In This Together

The 10 Parenting Principles

When Paul Dillon (national expert on alcohol and other drug education) addressed the Year 9 parents at SCEGGS in February this year, he referenced Dr Laurence Steinberg ( who is a Professor of Psychology at Temple University and expert on adolescence. He has written several books on adolescent development and a book for parents called The 10 Basic Principles of Good Parenting. In this book Dr Laurence Steinberg writes: “Most parents do a pretty good job of raising kids, but truly effective parenting means not just relying on natural instincts but also on knowing what works and why.” Retweeted by Dr Laurence Steinberg himself on 19/02/2017 (via We Are Play Lab), here is a summary of the principles!

1. What You Do Matters: regardless of our kids genetic heritage, what we do as parents or educators matters tremendously, because it is our influence that affects how those genes are expressed. Being a mindful parent, admitting and learning from our mistakes is extremely important as our kids learn best by watching us.
2. You Cannot Be Too Loving: let’s bust that myth right away, we cannot spoil a kid with too much love or expressing affection. One of the most important things we can do as parents is to respond to our kids’ emotional needs and provide a safe haven for them to explore and learn.
3. Be Involved in Your Child’s Life: sounds like the obvious thing to do but we all know how challenging it may be. Quality time is not about the what, it is about the how. Our kids will value what they believe we value so involving ourselves in their education and schooling is key. Our job is to help them establish good working habits and develop a sense of mastery and self-sufficiency.
4. Adapt Your Parenting to Fit Your Child: treating siblings differently totally makes sense as every child is truly different! The trick to best support our kids is to recognise when they are going through major developmental transitions (patience!) and accepting our changing role as parents as they grow up.
5. Establish Rules and Set Limits: structure makes our kids feel safe. Avoid turning disputes into a winner-loser scenario, instead figure out a way where both parties feel satisfied (be firm but fair). As parents, we basically have four options when settling a dispute: assert parental authority, give in, compromise or (our preferred option) solve the problem jointly. “Joint problem solving avoids having winners and losers, helps your child to feel more grown up, teaches something about the benefits of co-operation, and makes it less likely that the issue will come up again in the future, because when it works, it leads to a more lasting solution.”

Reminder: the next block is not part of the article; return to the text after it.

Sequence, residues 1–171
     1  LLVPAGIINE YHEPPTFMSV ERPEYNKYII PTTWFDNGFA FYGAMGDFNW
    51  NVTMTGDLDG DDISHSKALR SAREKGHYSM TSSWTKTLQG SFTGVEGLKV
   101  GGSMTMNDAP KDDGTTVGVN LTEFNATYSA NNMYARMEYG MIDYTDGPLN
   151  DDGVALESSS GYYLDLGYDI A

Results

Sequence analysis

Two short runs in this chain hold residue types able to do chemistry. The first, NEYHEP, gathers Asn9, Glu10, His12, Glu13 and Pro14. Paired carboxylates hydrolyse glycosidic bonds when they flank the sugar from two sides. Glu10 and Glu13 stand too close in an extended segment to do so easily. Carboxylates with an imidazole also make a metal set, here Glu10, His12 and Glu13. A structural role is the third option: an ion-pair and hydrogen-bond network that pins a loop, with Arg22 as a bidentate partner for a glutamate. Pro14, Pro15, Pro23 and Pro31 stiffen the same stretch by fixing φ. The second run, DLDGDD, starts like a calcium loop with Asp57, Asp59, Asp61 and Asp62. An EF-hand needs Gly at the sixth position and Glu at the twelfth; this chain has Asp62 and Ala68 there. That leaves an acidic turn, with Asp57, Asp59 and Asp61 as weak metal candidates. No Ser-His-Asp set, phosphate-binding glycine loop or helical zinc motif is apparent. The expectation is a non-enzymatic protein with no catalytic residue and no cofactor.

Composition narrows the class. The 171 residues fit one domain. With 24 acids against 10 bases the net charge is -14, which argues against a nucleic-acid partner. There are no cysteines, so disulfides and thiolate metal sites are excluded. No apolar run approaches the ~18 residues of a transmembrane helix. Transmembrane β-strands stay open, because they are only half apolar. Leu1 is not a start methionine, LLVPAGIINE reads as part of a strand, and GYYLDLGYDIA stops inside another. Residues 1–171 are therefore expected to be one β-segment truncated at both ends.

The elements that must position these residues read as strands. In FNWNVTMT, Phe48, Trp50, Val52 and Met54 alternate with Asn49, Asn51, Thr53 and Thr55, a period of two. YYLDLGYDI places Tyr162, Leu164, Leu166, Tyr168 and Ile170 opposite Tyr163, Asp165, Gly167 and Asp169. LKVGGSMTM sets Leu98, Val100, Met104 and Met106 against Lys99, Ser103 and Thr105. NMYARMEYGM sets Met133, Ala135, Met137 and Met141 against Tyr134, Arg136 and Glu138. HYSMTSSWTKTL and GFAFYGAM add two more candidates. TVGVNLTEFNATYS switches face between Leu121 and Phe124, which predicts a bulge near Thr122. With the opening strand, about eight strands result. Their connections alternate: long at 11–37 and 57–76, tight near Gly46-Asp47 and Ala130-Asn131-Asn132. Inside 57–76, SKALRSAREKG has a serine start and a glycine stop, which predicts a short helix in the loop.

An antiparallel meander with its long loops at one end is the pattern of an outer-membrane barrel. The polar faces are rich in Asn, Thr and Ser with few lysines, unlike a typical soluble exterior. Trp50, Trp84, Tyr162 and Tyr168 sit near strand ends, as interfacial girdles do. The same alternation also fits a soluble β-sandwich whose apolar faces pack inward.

6. Help Foster Your Child’s Independence: which does not equal disobedience but creating a sane psychological space. The fact that our kids are challenging us is a good sign. So if what they are trying to do is not dangerous, unhealthy, illegal or immoral, permit them to be autonomous.
7. Be Consistent: “The easiest way to help a child learn how to behave appropriately is to make her good behaviour a habit that she doesn’t even have to think about. You do this by being consistent from day to day in your parenting.”
8. Avoid Harsh Discipline: There is a “right” way to punish if necessary and it has to do with very clear steps: an identification of the specific act that was wrong, a statement describing the impact of the misbehaviour, a suggestion for one or more alternatives to the undesirable behaviour, a clear statement of what the punishment is going to be and a statement of your expectation that your child will do better the next time. And yes, physical punishment or being verbally abusive is a no-go at any given time and age.
9. Explain Your Rules and Decisions: hearing our kid’s point of view is as important as being clear about our expectations and admitting our mistakes. A good approach to reasoning with our kids, by age: kids under 6, the explanation needs to be reasonable; kids between 6 and 11, our explanation needs to be reasonable and logical, kids older than 11, our explanation needs to be reasonable, logical, and consistent with other things we have said and done.
10. Treat Your Child With Respect: there is nothing more important for the development of our kids than parents who love, guide and respect them. “Your relationship with your child is the foundation for her relationships with others. If you treat your child with compassion, kindness, and respect, she will grow up to be a concerned, caring, and considerate person.”

Jenny Allum
Head of School